WITNESS TO A CHANGING WORLD

WITNESS TO A CHANGING WORLD

David D. Newsom

New Academia Publishing, 2008
388 Pages, 38 Illustrations
ISBN 978-0-9818654-6-1 paperback
ISBN 978-0-9818654-7-8 cloth

See inside for an excerpt from the book

Price:

$28.00 paperback

$42.00 cloth

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About the author

David Dunlop Newsom (1918–2008) served in Naval Intelligence during World War II and joined the U.S. Foreign Service in 1947, serving until 1981. He was Lyndon Johnson’s ambassador to Libya, Richard Nixon’s ambassador to Indonesia, and Jimmy Carter’s ambassador to the Philippines. From 1981, Newsom served at Georgetown University as director of the Institute for the Study of Diplomacy and as professor and acting dean of the School of Foreign Service. In 1991 he joined the faculty of government and foreign affairs at the University of Virginia. His books include The Soviet Brigade in Cuba, Diplomacy and the American Democracy, The Public Dimension of Foreign Policy, and The Imperial Mantle: The United States, Decolonization, and the Third World.

About the book

Witness to a Changing World is the life story of David Dunlop Newsom, a Foreign Service officer who rose through the ranks from third secretary and vice consul in Karachi in 1948 to the top career post of Under Secretary of State for Political Affairs in the Carter administration. Along the way he served as Lyndon Johnson’s ambassador to Libya, Richard Nixon’s Assistant Secretary of State for African affairs and ambassador to Indonesia, and Jimmy Carter’s ambassador to the Philippines.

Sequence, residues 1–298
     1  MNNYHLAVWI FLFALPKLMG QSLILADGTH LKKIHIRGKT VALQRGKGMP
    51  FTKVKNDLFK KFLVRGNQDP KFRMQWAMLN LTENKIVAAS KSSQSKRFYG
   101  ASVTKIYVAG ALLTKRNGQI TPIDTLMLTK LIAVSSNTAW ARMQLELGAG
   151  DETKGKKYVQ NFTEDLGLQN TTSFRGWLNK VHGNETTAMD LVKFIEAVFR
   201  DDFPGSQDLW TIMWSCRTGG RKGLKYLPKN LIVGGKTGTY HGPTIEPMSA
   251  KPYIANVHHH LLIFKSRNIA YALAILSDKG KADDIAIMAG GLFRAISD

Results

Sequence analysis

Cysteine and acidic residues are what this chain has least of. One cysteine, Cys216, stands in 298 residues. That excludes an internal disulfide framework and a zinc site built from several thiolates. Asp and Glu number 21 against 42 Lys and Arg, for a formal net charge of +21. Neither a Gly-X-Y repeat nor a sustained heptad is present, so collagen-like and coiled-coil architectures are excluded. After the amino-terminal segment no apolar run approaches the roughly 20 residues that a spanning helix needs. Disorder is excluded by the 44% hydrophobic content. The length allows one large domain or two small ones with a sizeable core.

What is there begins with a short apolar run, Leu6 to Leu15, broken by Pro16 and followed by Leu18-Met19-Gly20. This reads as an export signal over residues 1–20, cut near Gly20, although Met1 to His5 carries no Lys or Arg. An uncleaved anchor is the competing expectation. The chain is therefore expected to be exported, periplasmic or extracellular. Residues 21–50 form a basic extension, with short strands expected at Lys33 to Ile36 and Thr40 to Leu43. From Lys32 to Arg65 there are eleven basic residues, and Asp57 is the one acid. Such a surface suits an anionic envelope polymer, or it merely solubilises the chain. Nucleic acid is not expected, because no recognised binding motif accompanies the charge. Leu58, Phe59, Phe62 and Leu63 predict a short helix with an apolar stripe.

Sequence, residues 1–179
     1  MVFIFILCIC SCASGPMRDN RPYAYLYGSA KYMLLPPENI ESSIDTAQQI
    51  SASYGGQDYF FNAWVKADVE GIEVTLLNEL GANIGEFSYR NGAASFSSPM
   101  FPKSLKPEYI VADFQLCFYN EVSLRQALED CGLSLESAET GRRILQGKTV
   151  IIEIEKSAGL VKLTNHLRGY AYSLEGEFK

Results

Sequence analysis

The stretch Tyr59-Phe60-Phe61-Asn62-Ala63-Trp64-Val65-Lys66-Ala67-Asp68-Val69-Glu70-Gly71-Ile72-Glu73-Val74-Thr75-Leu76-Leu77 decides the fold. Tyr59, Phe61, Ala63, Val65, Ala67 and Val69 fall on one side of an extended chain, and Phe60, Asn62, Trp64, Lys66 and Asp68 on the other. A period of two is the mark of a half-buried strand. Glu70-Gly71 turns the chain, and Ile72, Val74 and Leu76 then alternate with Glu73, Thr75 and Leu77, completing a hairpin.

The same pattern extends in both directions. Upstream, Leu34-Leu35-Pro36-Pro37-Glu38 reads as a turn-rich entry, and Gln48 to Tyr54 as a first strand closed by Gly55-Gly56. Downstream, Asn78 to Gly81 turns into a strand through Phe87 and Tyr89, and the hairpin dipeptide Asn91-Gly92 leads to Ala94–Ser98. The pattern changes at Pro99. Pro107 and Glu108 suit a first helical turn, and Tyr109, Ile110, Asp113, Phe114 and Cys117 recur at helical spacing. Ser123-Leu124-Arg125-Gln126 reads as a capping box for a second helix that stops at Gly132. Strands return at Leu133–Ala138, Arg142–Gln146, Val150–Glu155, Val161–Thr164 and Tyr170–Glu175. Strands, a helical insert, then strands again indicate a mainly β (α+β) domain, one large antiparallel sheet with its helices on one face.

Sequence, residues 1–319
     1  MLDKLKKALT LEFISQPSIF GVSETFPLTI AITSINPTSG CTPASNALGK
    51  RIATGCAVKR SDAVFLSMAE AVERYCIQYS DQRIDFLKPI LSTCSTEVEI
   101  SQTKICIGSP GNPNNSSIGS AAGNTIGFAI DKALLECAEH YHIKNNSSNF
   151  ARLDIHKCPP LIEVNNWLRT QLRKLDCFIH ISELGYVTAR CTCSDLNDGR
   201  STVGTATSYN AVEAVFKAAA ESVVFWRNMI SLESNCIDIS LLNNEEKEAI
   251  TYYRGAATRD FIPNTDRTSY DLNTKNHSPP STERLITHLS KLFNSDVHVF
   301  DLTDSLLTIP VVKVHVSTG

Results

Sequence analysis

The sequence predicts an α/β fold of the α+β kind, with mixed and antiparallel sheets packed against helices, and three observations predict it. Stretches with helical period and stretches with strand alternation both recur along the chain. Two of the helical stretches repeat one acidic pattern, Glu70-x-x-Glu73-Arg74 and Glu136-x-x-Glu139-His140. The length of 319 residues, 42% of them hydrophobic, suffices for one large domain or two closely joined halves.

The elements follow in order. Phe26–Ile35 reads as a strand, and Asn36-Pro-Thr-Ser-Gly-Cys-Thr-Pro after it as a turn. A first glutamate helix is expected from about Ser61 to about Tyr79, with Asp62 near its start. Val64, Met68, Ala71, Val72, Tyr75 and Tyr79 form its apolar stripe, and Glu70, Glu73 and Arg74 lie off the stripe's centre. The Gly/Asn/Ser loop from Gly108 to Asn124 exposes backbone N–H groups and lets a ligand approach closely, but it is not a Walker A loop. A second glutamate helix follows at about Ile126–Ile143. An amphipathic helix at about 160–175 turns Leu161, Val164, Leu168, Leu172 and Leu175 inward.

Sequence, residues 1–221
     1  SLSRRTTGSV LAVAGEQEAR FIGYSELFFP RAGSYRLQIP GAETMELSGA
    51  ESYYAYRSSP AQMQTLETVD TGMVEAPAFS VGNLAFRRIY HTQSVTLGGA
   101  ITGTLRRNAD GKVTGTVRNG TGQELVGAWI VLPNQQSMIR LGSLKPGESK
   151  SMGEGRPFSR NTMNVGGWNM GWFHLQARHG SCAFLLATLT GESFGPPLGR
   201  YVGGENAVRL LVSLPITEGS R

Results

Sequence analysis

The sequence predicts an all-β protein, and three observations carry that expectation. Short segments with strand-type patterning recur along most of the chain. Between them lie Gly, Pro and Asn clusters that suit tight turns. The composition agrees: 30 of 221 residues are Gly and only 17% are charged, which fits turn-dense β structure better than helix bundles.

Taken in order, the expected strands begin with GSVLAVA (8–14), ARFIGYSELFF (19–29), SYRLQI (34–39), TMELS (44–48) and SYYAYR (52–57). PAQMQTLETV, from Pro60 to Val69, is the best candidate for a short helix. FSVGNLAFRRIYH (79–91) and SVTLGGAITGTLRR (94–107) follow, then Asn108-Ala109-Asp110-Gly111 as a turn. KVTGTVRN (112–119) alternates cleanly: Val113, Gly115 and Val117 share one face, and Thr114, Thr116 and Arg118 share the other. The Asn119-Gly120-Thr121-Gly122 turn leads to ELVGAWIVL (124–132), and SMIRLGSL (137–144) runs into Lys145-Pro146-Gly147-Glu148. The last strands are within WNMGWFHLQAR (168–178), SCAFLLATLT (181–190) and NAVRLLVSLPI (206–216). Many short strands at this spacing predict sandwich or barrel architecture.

Throughout his eventful career, Newsom often served in countries such as Iraq and Libya that had just seen or were about to experience cataclysmic ruptures. His years heading the Africa Bureau revealed his sympathetic open-mindedness toward the people and countries of the continent.

“Between 1978, when I returned to Washington, and 1981 when I retired, I was to witness and participate in intense diplomatic activity that accelerated significant changes in the world’s political landscape, stimulated by decolonization and revolutions in Egypt, Iran, and Libya. . . . Politics, diplomacy, protocol, and power come together dramatically on the seventh floor of the State Department, where I held the position of Under Secretary for Political Affairs.

 

This is a book in the ADST-DACOR Diplomats and Diplomacy Series.

To order from ADST email: admin@adst.org

Praise

“At a time when the practice of diplomacy is returning to a more respectable place in the conduct of America’s foreign relations, Newsom’s book–informed by personal records and historical research and enlivened by flashes of humor–contributes to a clearer understanding of a worldwide transition in diplomacy from the rigidities of Cold War relationships to today’s globally rooted, messier issues.”

­­–Brandon Grove, President Emeritus, American Academy of Diplomacy